You are here

Keyword: Peromyscus maniculatus

Vegetation patterns and abundances of amphibians and small mammals along small streams in a northwestern California watershed

Publications Posted on: August 01, 2018
Our goal was to describe and evaluate patterns of association between stream size and abundances of amphibians and small mammals in a northwestern California watershed. We sampled populations at 42 stream sites and eight upland sites within a 100- watershed in 1995 and 1996. Stream reaches sampled ranged from poorly defined channels that rarely flowed to 10-m-wide channels with perennial flow.

Life on the edge for limber pine: Seed dispersal within a peripheral population

Publications Posted on: September 30, 2016
Interactions within populations at the periphery of a species' range may depart from those in populations more centrally located. Throughout its core range, limber pine (Pinus flexilis, Pinaceae) depends on Clark's nutcrackers (Nucifraga columbiana, Corvidae) for seed dispersal. Nutcrackers, however, rarely visit the Pawnee National Grassland peripheral population of limber pine on the eastern Colorado plains.

Effects of wildfire severity on small mammals in northern Arizona ponderosa pine forests

Publications Posted on: May 12, 2016
We examined effects of a varied-severity wildfire on the community structure of small mammals and populations of the 2 most abundant species, the deer mouse (Peromyscus maniculatus) and the gray-collared chipmunk (Tamias cinereicollis), in northern Arizona ponderosa pine (Pinus ponderosa) forests. We examined 2 fire severities and compared them to unburned controls.

Biological control agents elevate hantavirus by subsidizing deer mouse populations

Publications Posted on: December 14, 2015
Biological control of exotic invasive plants using exotic insects is practiced under the assumption that biological control agents are safe if they do not directly attack non-target species.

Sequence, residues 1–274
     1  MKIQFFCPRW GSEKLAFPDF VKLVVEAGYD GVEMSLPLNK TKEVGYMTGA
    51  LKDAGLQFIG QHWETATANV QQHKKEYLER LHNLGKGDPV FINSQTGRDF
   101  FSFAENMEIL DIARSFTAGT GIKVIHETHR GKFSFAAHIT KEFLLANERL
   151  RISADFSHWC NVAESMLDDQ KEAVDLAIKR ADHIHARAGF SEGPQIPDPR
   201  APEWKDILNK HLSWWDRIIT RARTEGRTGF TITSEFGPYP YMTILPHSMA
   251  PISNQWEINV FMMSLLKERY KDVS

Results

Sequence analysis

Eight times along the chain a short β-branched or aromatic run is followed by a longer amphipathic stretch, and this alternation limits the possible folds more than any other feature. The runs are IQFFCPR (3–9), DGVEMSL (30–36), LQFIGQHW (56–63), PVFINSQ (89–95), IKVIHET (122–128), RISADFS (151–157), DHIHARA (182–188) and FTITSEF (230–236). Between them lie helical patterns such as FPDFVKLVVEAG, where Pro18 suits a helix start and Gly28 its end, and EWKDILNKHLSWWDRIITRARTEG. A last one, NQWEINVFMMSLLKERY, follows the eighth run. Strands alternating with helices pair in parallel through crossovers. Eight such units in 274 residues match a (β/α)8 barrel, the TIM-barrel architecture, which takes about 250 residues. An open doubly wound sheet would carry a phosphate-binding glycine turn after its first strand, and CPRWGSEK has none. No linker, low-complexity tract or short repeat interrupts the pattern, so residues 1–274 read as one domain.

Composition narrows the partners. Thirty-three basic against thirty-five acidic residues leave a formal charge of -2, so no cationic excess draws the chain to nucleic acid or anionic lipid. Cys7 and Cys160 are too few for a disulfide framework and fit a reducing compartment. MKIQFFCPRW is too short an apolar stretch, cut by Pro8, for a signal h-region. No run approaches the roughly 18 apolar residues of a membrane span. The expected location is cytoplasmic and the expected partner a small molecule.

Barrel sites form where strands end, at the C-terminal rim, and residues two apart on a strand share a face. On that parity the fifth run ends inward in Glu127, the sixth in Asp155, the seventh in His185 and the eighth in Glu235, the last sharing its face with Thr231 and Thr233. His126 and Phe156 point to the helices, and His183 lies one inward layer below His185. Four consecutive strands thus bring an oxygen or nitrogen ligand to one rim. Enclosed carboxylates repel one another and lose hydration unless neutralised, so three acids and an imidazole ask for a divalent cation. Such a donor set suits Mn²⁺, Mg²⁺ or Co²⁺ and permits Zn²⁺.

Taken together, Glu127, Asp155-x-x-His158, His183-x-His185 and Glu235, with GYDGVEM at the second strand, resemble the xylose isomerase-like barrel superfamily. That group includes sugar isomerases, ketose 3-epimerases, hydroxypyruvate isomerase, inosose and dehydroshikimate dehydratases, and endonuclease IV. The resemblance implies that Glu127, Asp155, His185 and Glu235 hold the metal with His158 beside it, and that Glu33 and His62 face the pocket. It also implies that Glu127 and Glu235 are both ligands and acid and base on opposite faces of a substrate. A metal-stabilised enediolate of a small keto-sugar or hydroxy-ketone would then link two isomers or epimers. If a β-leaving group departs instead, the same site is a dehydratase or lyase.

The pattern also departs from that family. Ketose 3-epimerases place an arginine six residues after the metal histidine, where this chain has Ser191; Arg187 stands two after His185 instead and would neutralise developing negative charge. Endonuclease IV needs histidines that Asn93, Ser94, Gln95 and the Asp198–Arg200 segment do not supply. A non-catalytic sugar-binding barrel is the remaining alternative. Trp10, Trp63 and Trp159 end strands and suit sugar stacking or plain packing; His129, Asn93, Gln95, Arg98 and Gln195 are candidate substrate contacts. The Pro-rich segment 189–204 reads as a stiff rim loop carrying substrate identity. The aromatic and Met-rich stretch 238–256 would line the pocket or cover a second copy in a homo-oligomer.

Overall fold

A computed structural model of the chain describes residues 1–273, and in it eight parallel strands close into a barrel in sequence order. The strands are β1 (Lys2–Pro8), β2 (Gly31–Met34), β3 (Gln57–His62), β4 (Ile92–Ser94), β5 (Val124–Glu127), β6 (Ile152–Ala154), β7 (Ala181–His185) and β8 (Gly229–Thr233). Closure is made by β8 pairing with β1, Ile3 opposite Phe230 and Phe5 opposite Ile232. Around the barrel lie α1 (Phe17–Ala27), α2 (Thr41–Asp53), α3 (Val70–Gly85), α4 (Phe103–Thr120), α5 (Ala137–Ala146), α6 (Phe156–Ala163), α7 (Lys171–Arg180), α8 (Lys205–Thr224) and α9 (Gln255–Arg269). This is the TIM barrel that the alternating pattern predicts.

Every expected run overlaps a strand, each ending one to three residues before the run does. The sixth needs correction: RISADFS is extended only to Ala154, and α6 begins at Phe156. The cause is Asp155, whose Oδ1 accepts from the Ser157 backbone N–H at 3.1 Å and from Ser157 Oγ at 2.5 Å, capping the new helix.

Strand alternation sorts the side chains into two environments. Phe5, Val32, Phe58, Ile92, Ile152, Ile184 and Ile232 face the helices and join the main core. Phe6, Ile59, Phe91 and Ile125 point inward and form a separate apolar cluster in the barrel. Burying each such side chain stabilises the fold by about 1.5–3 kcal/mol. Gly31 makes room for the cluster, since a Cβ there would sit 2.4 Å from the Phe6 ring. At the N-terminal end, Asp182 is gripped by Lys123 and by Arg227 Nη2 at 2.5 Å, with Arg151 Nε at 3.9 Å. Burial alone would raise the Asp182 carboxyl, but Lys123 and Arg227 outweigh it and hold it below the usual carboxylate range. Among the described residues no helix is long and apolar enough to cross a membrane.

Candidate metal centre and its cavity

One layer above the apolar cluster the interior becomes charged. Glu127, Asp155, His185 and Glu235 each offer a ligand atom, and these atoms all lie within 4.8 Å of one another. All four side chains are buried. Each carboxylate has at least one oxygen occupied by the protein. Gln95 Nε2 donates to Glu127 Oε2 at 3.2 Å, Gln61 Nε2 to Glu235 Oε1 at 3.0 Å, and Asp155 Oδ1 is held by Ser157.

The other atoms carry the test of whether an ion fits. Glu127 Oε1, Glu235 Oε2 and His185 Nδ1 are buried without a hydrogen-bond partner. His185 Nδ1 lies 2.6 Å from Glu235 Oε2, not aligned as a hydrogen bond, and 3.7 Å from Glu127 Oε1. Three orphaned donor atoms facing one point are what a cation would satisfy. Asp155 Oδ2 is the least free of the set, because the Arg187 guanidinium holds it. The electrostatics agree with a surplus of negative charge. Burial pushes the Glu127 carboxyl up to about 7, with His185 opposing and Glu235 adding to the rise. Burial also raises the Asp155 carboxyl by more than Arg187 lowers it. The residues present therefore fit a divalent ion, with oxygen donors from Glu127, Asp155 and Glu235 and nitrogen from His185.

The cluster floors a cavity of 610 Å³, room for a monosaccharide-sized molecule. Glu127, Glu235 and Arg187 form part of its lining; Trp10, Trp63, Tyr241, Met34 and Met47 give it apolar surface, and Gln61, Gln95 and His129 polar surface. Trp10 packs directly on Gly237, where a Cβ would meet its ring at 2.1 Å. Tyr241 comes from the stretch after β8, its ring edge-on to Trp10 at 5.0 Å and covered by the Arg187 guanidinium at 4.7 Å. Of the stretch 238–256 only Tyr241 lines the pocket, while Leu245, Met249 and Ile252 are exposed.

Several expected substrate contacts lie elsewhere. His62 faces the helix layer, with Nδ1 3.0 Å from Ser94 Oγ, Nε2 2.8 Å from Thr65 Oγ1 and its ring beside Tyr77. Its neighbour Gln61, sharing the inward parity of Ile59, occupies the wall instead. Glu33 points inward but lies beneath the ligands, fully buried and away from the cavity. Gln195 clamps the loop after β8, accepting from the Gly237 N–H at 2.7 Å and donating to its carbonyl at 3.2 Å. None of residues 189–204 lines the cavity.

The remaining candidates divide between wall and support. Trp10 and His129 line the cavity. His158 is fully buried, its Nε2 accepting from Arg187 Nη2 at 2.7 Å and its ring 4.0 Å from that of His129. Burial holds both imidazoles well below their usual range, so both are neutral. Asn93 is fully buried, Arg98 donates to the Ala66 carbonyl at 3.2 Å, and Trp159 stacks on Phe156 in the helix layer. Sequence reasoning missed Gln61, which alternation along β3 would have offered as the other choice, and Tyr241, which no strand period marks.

Effects of biological control agents and exotic plant invasion on deer mouse populations

Publications Posted on: April 21, 2015
Exotic insects are commonly introduced as biological control agents to reduce densities of invasive exotic plants. Although current biocontrol programs for weeds take precautions to minimize ecological risks, little attention is paid to the potential nontarget effects of introduced food subsidies on native consumers. Previous research demonstrated that two gall flies (Urophora affinis and U.

Biotic resistance: Exclusion of native rodent consumers releases populations of a weak invader

Publications Posted on: September 26, 2013
Biotic resistance is a commonly invoked hypothesis to explain why most exotic plant species naturalize at low abundance. Although numerous studies have documented negative impacts of native consumers on exotic plant performance, longer-term multi-generation studies are needed to understand how native consumer damage to exotics translates to their population-level suppression over large landscapes.

Biotic resistance via granivory: Establishment by invasive, naturalized, and native asters reflects generalist preference

Publications Posted on: March 20, 2012
Escape from specialist natural enemies is frequently invoked to explain exotic plant invasions, but little attention has been paid to how generalist consumers in the recipient range may influence invasion.

Counterintuitive effects of large-scale predator removal on a midlatitude rodent community

Publications Posted on: March 30, 2011
Historically, small mammals have been focal organisms for studying predator-prey dynamics, principally because of interest in explaining the drivers of the cyclical dynamics exhibited by northern vole, lemming, and hare populations.

Fire and mice: Seed predation moderates fire's influence on conifer recruitment

Publications Posted on: June 16, 2010
In fire-adapted ecosystems, fire is presumed to be the dominant ecological force, and little is known about how consumer interactions influence forest regeneration.

Small-mammal seed predation limits the recruitment and abundance of two perennial grassland forbs

Publications Posted on: March 08, 2010
Although post-dispersal seed predators are common and often reduce seed density, their influence on plant population abundance remains unclear. On the one hand, increasing evidence suggests that many plant populations are seed limited, implying that seed predators could reduce plant abundance.